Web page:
I want to take this opportunity to expand upon the recent stories in The Herald-Mail concerning the aspects of what we do for the community. The Humane Society of Washington County has two major operational components: Animal Control and Humane Society services.
Past administration decided to accept a contract with Washington County government to provide animal control services pursuant to the Washington County Animal Control Ordinance. Animal control ordinances historically are designed to protect the community’s citizens from animals and their undesirable behaviors, unlike cruelty laws that were designed to protect animals from people’s abusive and/or neglectful behavior toward them.
Animal control historically was — and still is — a government function usually funded by taxpayers’ dollars. The prevention of cruelty fell — and still falls — to humane societies, SPCAs and other nonprofit organizations. Some governments opt to contract with a nonprofit organization and/or a for-profit company in lieu of undertaking the responsibility of directly providing field and sheltering services to their constituents.
When a third party like ourselves opts to provide these services, we do so often at less of an expense to the county than if they did it themselves. Our employee pay, salaries and benefits pale in comparison to what an equivalent position in government would offer.
But it often comes at a price to the agency, either through the financial subsidizing of the government services and/or the ethical and moral dilemmas created by contract responsibilities, such as the enforcement of laws that limit ownership numbers, trapping and euthanasia of feral feline populations, the often impossible challenge to appease both sides in most animal control issues, and the public inability to control the actions of animals owned by irresponsible animal owners.
Unlike our governmental counterpart, we do not have the many support functions or resources built in that are necessary to operate and maintain a safe and lawful business in today’s world. Resources such as a personnel department, safety or risk management, printing, information technologies services, legal department, budget and finance, emergency services, public relations, maintenance, etc., are all services we must attempt to handle with existing personnel and/or pay for out of the payment each year for animal control services.
Animal control services are divided into two categories: field services and shelter services.
Field services refers to the personnel and equipment needed to respond to complaints from citizens concerning the unwanted behavior of animals — usually animals belonging to their neighbors. These would include barking; running at large; bites; vicious/dangerous dogs; county license; rabies vaccinations for dogs, cats & ferrets; limit laws; public nuisance, sick and injured animals; licensing of kennels; rabies control and preparation of an animal for rabies testing. Field service officers must be available to respond to emergency incidents on nights, weekends and holidays. All of these are after normal working hours and are often after they have already worked a full eight-hour day. They must also be prepared to defend their actions before the Washington County Animal Control Authority when a citizen objects to the action taken against them.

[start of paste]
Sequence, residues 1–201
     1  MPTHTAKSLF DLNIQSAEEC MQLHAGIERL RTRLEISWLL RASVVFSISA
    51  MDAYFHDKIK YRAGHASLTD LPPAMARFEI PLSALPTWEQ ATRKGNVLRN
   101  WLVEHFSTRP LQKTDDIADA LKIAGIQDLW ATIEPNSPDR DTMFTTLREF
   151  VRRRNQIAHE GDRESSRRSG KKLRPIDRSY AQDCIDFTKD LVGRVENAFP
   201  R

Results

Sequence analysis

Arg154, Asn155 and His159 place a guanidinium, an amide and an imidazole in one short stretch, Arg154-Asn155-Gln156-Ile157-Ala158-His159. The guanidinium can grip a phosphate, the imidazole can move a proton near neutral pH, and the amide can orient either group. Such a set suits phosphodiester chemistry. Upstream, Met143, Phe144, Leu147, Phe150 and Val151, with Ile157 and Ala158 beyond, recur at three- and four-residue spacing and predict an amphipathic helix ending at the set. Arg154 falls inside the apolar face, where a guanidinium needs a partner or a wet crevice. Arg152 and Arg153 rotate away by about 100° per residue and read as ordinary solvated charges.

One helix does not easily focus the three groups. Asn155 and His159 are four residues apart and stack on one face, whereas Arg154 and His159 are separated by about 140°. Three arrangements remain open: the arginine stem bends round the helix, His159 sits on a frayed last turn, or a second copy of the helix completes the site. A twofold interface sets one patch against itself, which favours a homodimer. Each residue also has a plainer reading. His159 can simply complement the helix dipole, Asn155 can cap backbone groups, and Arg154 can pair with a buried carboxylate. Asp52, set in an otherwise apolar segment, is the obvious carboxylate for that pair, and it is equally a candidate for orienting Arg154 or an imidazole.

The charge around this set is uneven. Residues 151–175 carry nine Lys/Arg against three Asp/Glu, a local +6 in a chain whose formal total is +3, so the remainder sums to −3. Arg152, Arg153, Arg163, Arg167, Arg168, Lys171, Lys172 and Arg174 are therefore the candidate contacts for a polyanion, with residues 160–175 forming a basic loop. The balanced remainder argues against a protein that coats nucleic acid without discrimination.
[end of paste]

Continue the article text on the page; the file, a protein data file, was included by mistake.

Shelter services refers to the personnel and equipment that are needed at our shelter facility to house those animals impounded by our field service officers and/or those animals brought to us by the public, which include animals found at large or that are simply no longer wanted. Sheltering is a broad term that includes daily cleaning of a summer population that can reach 350 animals ranging from dogs and cats to reptiles, small livestock, fowl, fish, ferrets, hamsters, guinea pigs, snakes, etc. It includes the exam of every animal brought in, administering of vaccinations for disease prevention, feeding, grooming, adoptions, lost/found animals, treating sick/injured animals and euthanasia. It also entails overseeing the dog license program, exercising and socializing the animals, customer service for the more than 26,000 clients that walk through our doors each year, behavioral assessments, transporting animals to and from veterinary clinics, trap loans, answering phones, dispatching calls to field service officers and returning lost animals to owners. Pursuant to Maryland law, all animal care staff and field service officers must attend training and be certified before they perform euthanasia.
So what does that leave for humane services? How about cruelty investigations, public assistance programs such as the pet food bank, spay and neuter programs, off-site adoptions, numerous pet of the week promotions, rescues, volunteers, humane education, humane summer camp, medical assistance funds for owners who are financially challenged, fundraisers and special events, appearances at community events, sponsoring of 4-H trophies and media alerts concerning extreme weather conditions, product recalls and animal legislation.
As we struggle to wear two hats, we understand that it can be frustrating when a citizen has to wait for service, or calls us multiple times, or is told we aren’t able to resolve their problem. We are serving myriad functions, and take each one seriously. We are bound by laws, time and resources, and we do the best we are able with each and every one of our responsibilities.
We appreciate that, as a whole, we enjoy a tremendous amount of community support. In the end, the citizens and animals of Washington County all benefit from that — and that’s what really matters.
Paul F. Miller is executive director of the Humane Society of Washington County.